You can use a bucket or some other container to put the octopus and the water it comes in, and run a drip-line (airline tubing you can find at the local fish store "LFS") to the bucket, slowly dripping water into the bucket from the tank. This lets the octopus adapt to the water in your tank without some immediate shock, since the water it comes in is going to be different from the water in the tank.

There are a lot of things about water chemistry you're going to have to learn to keep a saltwater tank. It's not as complicated as it may sound at first though.
cycle breakdown...

the goal it to build up colonies of bacteria that breakdown ammonia(very harmful) into nitrItes(just as harmful) into nitrAtes witch are less harmful but still need to be kept to aminimum with water changes.

fist you need bacteria that breaks down ammonia into nitrites. this bacteria will biuld in your filters if you provided it with ammonia to eat. one way to do this is to introduce a hardy fish. the better way to do this is put something already dead in the tank like shrimp. this is a good time to add live rock.

once that bacteria has established itself nitrites will show up in the tank. eventually a secondary colony of bacteria will form that eats the nitrites and converts them into nitrate.

no bacteria is going to eat the nitrates that build up so those will have to be kept down with regular water changes

cycling generally takes 1-2 months
water you will need to find a source of RO/DI water. some stores sell this or you can buy an RO unit to filter the water in your house. you cannot use regular tap water because it probably has loads of impurities including copper(lethal for octos)

you will also need a good aquarium salt (i use instant ocean) and a water testing kit. get the liquid kind if you can as these tend to be more accurate. get test for ammonia nitrate nitrite and pH. also get a hydrometer to test for specific gravity(amount of salt in the water)
get some netting to cover any areas were the octo could get into a filter or escape, get a gravel vack or something simaler to siphon water out for changes and a bucket or two.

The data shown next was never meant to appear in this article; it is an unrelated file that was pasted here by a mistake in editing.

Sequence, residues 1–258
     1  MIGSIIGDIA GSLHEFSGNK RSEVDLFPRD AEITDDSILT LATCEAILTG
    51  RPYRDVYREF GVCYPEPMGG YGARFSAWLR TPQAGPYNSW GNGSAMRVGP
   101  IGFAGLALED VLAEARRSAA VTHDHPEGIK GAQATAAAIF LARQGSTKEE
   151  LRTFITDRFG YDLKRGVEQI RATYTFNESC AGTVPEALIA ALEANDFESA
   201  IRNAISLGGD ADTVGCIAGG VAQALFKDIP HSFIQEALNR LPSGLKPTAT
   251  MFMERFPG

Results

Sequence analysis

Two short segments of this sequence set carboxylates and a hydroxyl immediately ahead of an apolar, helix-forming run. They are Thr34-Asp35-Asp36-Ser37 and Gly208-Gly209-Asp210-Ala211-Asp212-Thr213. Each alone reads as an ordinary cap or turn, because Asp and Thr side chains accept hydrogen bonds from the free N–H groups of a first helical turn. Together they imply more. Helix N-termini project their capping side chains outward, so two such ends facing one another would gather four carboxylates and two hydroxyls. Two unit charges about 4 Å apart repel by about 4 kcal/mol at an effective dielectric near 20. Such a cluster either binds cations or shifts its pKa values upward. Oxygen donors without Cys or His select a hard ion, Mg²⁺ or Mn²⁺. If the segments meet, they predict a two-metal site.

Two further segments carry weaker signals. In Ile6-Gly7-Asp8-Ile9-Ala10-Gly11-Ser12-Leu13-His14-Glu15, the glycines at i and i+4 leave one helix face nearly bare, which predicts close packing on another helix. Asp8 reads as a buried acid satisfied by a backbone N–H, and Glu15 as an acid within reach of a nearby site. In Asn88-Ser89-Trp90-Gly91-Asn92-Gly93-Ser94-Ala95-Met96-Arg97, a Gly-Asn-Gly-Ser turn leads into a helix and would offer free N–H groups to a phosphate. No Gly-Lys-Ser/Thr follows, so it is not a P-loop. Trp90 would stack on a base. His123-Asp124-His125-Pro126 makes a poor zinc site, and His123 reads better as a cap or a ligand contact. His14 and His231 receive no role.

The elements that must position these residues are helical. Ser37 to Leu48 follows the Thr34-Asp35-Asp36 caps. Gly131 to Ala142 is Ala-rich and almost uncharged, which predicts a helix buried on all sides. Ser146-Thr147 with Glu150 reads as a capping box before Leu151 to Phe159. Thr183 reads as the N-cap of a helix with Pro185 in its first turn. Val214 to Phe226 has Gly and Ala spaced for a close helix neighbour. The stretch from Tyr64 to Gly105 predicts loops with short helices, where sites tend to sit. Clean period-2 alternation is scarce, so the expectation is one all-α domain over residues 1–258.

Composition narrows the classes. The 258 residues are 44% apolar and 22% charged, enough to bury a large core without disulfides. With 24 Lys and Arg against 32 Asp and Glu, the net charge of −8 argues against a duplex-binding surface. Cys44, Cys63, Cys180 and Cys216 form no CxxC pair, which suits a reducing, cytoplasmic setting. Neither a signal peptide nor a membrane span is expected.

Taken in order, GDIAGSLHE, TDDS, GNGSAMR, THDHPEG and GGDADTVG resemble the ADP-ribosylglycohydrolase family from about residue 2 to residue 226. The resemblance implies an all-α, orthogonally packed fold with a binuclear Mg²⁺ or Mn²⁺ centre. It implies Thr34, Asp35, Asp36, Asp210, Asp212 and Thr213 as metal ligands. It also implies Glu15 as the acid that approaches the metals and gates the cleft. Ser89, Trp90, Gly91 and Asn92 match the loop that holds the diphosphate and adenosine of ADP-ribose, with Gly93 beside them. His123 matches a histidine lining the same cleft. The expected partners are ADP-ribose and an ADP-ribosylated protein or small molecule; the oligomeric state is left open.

you also will need to look into what filter system you want (protein skimmer is a must)

and keep reading up on aquariums as their is plenty i havent mentioned
Do you know what was in the old aquarium? You need to make sure that your friend did not treat the animals in the aquarium with any copper-based medicines. Copper is fatal to octopus. Also make sure not to clean the aquarium with any type of soap.

You need to find a good local fish store, they may be able to help with some of your questions. Are there any local aquarium societies near you? They can sometimes help with advice and second-hand equipment.

Lastly, if there is a public aquarium near you, see if you can volunteer in the husbandry department. You will get to help clean, feed and maintain their exhibits and learn about caring for salt water animals. Sometimes public aquariums have classes on how to set up salt water aquariums.

Good luck!
Cephalopods are some of the most difficult things to keep in an aquarium. I think it would be best for you to wait until you have some saltwater experience. You might be trying to paint the Mona Lisa on your first canvas.
I have a question. If i put a crab in my hand to go give it to an octopus, will it try to eat me? :I

EDIT: Also, if i buy an old aquarium (that used to be a vivarium) that's 88 gallons, will it matter if i add water and cycle it correctly? As in, would it matter that it used to house land animals?